The milkfish Chanos chanos (fig. 21.6), the only species of the family Chanidae, has a wide distribution, though not to the same extent as the grey mullet. It does not form a capture fishery of any significance and its importance is based on the large-scale farming in over 400000ha of coastal impoundments in Southeast Asia. Its culture is believed to have originated in Indonesia, during the 15th century, and then spread to the Philippines and Taiwan. According to available information, there are over 183000ha of milkfish ponds in Indonesia, about 176000ha in the Philippines and about 15600ha in Taiwan.The average production per ha in Taiwan is reported to be about 2 tons, in the Philippines 600kg and in Indonesia about 300kg. Many individual farms obtain much higher production in all three countries. Some small-scale culture is attempted in peninsular India and Sri Lanka, but the total production is very small.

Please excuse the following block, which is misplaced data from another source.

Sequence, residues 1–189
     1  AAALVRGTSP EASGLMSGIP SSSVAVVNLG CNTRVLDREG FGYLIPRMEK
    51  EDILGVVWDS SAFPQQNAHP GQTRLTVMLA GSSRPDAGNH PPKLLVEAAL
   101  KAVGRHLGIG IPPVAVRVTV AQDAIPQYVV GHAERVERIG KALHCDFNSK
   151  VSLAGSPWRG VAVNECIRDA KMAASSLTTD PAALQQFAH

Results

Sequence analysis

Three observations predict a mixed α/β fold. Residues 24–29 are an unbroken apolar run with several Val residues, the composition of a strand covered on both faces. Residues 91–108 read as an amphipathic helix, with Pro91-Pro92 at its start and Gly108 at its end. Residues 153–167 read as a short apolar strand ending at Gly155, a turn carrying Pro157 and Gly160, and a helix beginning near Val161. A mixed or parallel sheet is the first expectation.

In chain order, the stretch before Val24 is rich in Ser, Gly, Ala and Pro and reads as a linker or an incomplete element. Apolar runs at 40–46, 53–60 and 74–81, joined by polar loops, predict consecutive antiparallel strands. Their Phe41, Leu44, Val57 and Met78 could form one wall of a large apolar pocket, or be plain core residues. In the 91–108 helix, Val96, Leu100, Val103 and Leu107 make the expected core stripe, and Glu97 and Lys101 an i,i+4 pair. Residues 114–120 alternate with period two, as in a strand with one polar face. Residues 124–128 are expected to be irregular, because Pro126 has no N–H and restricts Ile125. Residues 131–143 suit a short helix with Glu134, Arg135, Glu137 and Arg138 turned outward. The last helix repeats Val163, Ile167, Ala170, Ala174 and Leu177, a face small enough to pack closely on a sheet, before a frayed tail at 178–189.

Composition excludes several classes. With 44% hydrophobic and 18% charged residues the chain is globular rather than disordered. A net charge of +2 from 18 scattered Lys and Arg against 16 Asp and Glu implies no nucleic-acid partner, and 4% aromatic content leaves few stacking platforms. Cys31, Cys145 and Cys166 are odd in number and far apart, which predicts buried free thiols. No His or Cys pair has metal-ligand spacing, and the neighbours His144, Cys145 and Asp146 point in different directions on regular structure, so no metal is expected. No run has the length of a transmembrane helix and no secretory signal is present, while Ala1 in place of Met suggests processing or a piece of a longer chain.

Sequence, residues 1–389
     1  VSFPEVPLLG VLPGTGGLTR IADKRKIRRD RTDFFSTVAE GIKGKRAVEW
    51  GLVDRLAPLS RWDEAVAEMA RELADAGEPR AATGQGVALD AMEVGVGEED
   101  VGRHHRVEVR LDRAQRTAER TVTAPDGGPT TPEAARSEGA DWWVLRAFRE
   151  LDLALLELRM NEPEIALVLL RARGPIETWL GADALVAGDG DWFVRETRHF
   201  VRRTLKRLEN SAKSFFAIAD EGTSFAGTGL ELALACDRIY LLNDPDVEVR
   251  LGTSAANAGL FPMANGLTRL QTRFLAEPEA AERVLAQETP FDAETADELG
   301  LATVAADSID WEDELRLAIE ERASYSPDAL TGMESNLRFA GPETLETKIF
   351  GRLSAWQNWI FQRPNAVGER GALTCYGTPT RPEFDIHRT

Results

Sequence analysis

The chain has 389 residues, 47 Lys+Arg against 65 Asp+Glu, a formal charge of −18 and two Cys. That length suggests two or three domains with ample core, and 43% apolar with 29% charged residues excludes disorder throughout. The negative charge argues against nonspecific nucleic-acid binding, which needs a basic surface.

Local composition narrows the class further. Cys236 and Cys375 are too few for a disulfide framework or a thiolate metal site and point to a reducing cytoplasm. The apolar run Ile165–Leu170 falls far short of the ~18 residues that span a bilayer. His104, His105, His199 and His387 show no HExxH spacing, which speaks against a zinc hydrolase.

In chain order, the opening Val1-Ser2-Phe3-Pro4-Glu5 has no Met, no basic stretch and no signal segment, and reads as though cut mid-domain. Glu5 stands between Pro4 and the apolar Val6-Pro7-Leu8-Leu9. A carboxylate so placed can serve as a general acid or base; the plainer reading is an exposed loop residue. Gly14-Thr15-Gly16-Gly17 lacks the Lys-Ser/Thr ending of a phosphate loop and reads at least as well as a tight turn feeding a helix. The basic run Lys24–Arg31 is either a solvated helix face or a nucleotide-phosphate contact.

Though essentially marine fish of the Indian and Pacific oceans, the young ones spend their life in inshore estuarine areas and ascend rivers to the fresh-water zones. They are known to be highly euryhaline, and can live in fresh to hypersaline waters. They can tolerate low oxygen levels. Temperature tolerance limits are said to range from 15 to 40°C, but the optimum temperature is between 20 and 33°C. They become sluggish below 20°C and mortality occurs at 12°C.
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